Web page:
How a Bill Becomes a Law
BY: Austin Kappes and Mark Brooks
How a bill becomes a law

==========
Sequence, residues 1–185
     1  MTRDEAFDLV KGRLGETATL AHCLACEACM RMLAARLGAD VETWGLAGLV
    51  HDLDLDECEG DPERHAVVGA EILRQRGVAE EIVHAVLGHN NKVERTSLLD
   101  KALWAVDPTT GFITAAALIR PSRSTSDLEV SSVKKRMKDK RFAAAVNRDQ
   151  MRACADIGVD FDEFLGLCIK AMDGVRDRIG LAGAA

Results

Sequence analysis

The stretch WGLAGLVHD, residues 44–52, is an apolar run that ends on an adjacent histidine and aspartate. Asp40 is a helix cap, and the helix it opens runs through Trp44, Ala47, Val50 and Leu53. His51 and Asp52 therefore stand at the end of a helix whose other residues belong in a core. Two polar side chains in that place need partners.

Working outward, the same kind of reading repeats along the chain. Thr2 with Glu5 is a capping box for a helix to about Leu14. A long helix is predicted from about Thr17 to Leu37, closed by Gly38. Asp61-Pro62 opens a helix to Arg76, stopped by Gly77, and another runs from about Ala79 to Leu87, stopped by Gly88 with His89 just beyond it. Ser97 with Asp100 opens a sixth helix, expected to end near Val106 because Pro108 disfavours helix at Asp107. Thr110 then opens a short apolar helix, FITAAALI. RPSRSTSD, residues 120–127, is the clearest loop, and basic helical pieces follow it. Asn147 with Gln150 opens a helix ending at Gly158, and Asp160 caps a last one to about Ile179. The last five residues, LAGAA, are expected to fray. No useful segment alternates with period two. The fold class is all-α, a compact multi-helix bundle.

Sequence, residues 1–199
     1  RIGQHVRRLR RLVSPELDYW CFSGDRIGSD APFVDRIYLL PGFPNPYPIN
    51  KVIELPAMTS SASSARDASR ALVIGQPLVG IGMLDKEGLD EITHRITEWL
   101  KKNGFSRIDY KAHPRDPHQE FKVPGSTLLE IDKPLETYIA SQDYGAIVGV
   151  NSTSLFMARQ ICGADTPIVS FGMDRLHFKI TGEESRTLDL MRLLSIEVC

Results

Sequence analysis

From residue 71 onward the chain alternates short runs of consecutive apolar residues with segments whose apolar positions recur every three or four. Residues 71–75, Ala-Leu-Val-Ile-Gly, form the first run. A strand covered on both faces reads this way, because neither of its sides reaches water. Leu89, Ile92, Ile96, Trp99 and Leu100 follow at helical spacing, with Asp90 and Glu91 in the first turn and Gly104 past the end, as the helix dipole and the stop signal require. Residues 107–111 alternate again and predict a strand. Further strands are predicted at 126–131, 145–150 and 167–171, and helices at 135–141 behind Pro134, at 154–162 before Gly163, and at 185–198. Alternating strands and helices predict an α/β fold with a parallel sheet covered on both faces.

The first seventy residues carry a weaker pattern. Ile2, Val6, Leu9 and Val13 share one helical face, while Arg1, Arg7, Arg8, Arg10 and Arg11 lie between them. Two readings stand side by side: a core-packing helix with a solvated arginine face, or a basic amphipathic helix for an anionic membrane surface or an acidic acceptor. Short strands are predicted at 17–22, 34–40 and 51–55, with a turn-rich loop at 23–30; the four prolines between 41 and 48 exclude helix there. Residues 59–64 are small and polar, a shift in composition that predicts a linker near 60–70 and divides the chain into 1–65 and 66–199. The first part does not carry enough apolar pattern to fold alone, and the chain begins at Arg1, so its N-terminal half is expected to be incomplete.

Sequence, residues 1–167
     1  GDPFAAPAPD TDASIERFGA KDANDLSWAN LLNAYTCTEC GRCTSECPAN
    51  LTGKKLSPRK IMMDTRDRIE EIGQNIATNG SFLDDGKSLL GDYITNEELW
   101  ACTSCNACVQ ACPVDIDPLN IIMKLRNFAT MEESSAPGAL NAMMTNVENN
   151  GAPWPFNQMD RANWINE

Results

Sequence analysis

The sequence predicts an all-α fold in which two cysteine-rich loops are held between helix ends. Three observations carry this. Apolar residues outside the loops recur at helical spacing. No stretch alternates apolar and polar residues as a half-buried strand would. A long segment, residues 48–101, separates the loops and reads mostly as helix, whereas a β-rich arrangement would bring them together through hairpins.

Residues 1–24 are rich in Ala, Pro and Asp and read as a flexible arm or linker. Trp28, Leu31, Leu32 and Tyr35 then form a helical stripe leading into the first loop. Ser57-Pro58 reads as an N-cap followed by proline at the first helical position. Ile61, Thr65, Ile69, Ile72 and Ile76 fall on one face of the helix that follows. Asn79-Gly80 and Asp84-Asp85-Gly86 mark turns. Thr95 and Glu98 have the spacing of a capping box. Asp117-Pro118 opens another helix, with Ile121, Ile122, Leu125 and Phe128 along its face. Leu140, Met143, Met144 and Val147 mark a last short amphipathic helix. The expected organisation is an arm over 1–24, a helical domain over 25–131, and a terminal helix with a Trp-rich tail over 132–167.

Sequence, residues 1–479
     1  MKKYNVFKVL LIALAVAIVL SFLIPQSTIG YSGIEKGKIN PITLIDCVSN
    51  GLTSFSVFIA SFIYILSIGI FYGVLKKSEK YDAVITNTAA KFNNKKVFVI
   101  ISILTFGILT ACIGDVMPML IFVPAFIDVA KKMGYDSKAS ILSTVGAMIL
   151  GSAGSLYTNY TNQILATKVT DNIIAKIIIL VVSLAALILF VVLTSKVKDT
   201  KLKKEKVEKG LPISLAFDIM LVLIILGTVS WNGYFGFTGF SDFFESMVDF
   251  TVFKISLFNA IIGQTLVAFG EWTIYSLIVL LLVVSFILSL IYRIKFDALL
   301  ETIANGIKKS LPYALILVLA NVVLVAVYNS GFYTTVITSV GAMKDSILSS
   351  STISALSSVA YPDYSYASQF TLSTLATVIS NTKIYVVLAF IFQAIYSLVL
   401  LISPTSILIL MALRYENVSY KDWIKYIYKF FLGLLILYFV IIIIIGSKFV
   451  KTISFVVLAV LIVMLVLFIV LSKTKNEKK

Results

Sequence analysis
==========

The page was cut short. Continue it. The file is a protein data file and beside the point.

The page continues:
A bill is an idea it can come from anyone only a State Representative or Senator make it a law. Introduction of a bill can be made by any member of the House or Senate, and more than one legislator generally sponsors a bill. A bill is given to the Chief Clerk of the House or the Secretary of the Senate and is assigned a number. If the bill is sponsored by a Senator, it is a Senate Bill. ideas which start in the House are House Bills. The Senate President or Speaker of the House then assigns the bill to a committee. A committee's responsibility is to examine a bill carefully, They can "Table" the bill, which means it is dead unless the full body orders the committee to send the bill to the floor. In some cases, if a committee cannot get enough votes to pass, a measure may be sent to the floor without recommendation. In that case, the full body must vote whether they want to place the bill on the agenda for consideration. Once a bill reaches the floor, it is debated and voted on. If it passes, the bill is forwarded on to the other body, where it goes through the same steps. If a bill passes both the House and Senate, it is sent to the Governor. If he signs it, the bill becomes law. If the Legislature votes to override the veto, the bill becomes law.